New growth stems of bamboo, sometimes referred to as shoots, arise from the ground at the base of bamboo stems, or culms. As long as the shoot is undamaged and alive, cuttings or divisions with roots can be transplanted into containers or other areas of the garden. Depending on the bamboo species, the shoot may require lots of roots or additional buds on the stems to ensure its survival after transplant. Orienting the shoot in the same direction and soil depth as it was previously growing is most important.
Things You'll Need
- Bamboo shoot
- Shovel or hand trowel
- Sprinkling can
- Garden hose with controlled nozzle
- Potting soil
- Plastic nursery containers
Planting Into Outdoor Soil
Dig a shallow hole with a shovel or hand trowel. Using the bamboo shoot as a guide, dig the hole no deeper than the depth the shoot was previously growing, usually marked by an old muddy soil line. Make the hole's width twice as wide as the base of the shoot, or the collection of attached roots if any exist.
Place the bamboo shoot in the hole as it is dug, checking for appropriate hole depth and width. Remove or replace soil as needed to create a hole that will hold the shoot at a planting level similar to its previous growing condition.
Situate the shoot in the hole for final position. Orient it so the shoots are pointing upward, or exactly how they were oriented previously when harvested from the mother bamboo plant. Fan out roots gently in the bottom of the hole and hold the shoot while your other hand pushes soil back into the hole.
Fill the planting hole until it is flush or even with the average garden soil level outside the hole. Lightly tamp the soil with your hand.
Gently water the newly planted shoot with water from a sprinkling can, or with a gentle, trickling dribble of water from a garden hose. Add small amounts of water at a time so the soil is not eroded or pushed away by the water, and allow it to soak in thoroughly before adding more. No more than 1 to 2 gallons of water are necessary on this initial watering to moisten soil and roots and to eliminate soil air pockets.
Planting Into Containers
Acquire a good-quality potting soil to plant the bamboo shoots in decorative or black nursery-grade potting containers. Avoid using purchased topsoil or native topsoil in containers as it will compact and harden quickly after a few waterings.
Compare the bamboo shoot with the selection of available containers with drainage holes. Match containers with the size of the shoot and any associated roots. Try not to cram the shoot into a small container, nor overcompensate and place one small shoot in a much larger container. If the rough diameter across a shoot is 6 to 8 inches, an ideal pot size is 8 to 12 inches.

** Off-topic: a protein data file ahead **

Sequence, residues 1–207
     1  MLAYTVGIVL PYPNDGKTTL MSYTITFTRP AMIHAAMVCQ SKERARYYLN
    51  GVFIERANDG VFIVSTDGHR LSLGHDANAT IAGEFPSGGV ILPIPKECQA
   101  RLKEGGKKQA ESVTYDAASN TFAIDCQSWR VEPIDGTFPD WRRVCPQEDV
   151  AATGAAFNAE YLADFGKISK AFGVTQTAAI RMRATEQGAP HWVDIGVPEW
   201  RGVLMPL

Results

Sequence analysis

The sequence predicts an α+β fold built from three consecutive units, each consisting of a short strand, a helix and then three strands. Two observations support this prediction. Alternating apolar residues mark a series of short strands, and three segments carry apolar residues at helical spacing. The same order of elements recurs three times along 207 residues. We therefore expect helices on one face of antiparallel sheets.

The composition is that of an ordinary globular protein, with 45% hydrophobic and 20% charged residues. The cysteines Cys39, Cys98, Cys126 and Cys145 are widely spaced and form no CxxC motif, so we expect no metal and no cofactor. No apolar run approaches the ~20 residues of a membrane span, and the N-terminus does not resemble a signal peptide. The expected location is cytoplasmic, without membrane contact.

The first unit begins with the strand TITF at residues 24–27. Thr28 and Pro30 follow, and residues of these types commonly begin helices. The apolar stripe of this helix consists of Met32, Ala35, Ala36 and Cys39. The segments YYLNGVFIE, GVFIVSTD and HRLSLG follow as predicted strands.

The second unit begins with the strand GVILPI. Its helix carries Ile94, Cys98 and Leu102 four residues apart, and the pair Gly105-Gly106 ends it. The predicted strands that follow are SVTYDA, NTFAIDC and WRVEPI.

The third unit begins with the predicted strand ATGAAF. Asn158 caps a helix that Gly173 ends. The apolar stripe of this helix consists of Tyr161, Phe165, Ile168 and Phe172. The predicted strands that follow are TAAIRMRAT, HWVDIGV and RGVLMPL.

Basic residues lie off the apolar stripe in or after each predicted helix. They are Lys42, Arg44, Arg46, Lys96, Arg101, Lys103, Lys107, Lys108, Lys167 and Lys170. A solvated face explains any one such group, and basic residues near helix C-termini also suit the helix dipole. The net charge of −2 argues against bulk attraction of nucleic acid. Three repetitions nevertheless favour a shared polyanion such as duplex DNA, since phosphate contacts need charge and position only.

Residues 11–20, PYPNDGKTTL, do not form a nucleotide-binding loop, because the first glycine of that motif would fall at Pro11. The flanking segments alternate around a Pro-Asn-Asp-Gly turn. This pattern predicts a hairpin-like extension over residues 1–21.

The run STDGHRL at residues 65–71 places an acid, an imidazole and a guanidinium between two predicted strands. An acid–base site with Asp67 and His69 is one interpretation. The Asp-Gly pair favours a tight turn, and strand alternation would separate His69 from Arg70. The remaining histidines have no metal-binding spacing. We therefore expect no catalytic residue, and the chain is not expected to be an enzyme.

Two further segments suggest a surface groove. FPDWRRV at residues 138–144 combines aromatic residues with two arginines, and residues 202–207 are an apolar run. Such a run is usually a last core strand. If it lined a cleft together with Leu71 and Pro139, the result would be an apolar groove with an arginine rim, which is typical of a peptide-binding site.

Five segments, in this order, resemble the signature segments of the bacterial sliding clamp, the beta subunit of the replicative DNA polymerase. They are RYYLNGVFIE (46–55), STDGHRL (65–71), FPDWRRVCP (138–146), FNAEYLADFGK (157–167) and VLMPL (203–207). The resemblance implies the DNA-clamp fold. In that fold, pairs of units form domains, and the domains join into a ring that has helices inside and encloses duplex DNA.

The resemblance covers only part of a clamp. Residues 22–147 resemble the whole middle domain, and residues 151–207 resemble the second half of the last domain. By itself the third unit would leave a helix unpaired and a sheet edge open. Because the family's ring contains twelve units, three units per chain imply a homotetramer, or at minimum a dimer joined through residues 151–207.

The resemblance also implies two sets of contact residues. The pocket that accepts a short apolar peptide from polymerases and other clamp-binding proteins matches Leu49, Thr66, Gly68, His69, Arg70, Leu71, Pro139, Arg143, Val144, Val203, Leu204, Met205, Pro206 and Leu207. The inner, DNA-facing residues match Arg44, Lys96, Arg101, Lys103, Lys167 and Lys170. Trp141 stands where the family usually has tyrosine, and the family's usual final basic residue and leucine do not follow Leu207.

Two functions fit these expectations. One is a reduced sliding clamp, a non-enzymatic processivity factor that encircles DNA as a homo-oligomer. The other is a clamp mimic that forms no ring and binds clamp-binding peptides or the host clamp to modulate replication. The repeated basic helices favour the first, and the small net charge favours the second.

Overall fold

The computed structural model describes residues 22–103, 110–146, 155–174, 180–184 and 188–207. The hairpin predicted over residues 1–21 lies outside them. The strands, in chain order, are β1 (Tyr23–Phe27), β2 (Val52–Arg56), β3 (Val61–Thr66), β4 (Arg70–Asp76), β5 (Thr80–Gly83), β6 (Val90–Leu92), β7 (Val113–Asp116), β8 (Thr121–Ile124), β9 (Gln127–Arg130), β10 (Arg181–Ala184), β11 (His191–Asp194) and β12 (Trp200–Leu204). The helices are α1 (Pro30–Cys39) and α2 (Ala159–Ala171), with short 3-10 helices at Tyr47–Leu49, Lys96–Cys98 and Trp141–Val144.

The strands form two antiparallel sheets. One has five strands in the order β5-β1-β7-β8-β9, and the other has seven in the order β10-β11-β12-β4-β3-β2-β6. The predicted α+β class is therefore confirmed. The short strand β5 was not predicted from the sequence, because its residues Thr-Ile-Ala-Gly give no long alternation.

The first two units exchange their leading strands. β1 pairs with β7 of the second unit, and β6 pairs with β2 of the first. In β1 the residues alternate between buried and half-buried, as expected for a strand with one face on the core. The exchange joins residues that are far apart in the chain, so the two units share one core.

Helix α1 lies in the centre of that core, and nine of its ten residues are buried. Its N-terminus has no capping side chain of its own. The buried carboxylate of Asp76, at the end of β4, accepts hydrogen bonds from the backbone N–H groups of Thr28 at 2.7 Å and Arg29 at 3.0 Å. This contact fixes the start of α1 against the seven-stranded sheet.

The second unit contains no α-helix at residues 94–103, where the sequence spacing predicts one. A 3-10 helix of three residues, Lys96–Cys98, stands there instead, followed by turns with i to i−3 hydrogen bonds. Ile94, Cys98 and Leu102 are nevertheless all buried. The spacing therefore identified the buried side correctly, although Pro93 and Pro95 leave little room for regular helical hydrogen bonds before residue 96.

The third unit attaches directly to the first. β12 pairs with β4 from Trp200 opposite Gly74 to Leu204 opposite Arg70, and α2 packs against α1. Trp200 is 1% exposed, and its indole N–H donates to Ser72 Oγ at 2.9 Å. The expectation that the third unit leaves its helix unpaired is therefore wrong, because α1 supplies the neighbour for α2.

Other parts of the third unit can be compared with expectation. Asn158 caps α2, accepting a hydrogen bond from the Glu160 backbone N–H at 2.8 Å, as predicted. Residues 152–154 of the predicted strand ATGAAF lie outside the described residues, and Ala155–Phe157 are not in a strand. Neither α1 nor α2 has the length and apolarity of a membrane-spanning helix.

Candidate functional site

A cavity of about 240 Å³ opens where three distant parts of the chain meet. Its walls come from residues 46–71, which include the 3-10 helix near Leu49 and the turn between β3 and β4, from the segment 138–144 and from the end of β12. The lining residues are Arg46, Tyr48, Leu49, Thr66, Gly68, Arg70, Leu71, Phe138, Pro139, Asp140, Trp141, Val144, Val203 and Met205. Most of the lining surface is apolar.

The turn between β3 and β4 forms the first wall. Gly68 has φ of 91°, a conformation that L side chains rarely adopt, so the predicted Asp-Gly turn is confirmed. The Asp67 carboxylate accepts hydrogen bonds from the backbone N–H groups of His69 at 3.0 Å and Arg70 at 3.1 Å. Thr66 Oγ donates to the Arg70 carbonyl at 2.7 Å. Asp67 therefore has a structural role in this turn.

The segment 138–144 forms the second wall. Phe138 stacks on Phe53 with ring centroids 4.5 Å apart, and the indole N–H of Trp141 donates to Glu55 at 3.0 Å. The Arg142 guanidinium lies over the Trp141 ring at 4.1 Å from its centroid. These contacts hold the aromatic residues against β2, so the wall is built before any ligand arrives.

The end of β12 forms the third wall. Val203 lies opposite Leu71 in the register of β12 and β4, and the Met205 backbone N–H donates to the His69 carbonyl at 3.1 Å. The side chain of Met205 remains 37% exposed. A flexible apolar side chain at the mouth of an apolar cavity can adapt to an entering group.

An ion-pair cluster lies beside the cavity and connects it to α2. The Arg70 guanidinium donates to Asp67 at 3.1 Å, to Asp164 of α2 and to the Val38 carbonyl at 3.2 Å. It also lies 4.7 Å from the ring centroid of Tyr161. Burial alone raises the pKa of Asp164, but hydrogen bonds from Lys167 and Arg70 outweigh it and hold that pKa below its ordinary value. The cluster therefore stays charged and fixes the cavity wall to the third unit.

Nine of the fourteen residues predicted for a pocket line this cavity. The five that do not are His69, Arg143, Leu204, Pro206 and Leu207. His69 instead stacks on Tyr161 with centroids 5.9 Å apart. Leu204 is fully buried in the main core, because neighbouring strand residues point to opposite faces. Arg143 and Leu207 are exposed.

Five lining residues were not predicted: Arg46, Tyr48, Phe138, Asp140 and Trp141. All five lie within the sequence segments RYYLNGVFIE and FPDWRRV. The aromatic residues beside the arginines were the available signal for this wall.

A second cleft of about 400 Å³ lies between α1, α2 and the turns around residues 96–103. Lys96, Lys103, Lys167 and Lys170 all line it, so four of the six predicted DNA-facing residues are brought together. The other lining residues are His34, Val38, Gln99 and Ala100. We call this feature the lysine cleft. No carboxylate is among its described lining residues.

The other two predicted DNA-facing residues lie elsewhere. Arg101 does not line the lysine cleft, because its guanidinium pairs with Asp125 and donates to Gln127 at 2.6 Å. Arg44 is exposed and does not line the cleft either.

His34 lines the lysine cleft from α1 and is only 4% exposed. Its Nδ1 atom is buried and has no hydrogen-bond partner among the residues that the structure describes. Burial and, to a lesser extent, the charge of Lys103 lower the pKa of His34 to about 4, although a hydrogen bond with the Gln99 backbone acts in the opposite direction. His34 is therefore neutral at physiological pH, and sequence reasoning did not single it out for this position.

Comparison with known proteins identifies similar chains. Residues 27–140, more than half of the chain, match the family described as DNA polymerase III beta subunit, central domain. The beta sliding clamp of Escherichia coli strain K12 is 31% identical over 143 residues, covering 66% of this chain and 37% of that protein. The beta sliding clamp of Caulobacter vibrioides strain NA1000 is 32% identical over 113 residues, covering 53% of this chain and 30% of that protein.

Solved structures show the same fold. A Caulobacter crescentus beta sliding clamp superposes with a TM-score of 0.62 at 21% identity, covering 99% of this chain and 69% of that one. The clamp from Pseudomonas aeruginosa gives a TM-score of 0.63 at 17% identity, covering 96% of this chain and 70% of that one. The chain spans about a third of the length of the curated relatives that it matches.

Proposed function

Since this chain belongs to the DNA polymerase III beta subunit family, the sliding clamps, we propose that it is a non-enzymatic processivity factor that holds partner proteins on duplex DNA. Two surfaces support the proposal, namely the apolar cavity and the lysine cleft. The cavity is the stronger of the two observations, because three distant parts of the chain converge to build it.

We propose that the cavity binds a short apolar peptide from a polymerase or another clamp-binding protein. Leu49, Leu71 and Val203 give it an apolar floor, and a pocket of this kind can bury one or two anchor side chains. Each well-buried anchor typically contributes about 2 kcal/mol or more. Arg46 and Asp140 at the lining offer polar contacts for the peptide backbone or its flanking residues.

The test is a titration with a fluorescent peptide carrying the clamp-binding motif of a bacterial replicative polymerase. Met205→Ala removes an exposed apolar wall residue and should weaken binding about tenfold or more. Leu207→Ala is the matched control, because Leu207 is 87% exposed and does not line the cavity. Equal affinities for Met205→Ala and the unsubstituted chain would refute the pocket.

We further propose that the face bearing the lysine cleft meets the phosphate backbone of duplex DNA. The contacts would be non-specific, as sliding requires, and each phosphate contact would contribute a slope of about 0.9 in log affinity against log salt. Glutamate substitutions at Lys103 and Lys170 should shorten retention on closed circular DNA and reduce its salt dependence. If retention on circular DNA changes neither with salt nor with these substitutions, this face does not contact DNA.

Add potting soil to the container, filling it roughly half full. Place the shoot in the container atop the soil and gauge its position, checking to see if it is too low or too high in the pot. Match the soil depth and orientation of the bamboo shoot as it was previously growing. Look for a muddy soil stain or line that reveals the angle and depth of soil it had been growing.
Hold the shoot at the proper depth and angle with your spare hand while adding handfuls or trowels of potting soil to fill the container. Tamp down the soil gently as you continue to fill the pot and cover the roots and shoot to the proper level. Fill the pot so that there is no less than 3/4 to 1 inch of a rim above the soil line. This rim is useful in pooling water and preventing soil erosion during waterings.
Add water to the pot after the shoot is planted to your satisfaction. Gently add the water by sprinkling can or trickle from a garden hose so to avoid erosion or soil displacement. Be prepared to wait for water to soak into the soil as some potting soil mixtures with peat may initially repel water until the peat moistens. Provide enough water so that eventually some drains out of all holes in the bottom of the pot.
Tips & Warnings
- Transplanting bamboo shoots is best done at the beginning of the growing season as soil temperature is warm and weather continues to warm and remain mild.
- Ensure the soil around the newly planted bamboo shoots is consistently moist, never soggy or bone-dry. Once the shoot elongates and further greens, chances are the roots underground are growing and healthy, too.
- "Bamboo for Gardens;" Ted Jordan Meredith; 2001
- "Bamboo Garden: Growing and Maintaining Bamboo"
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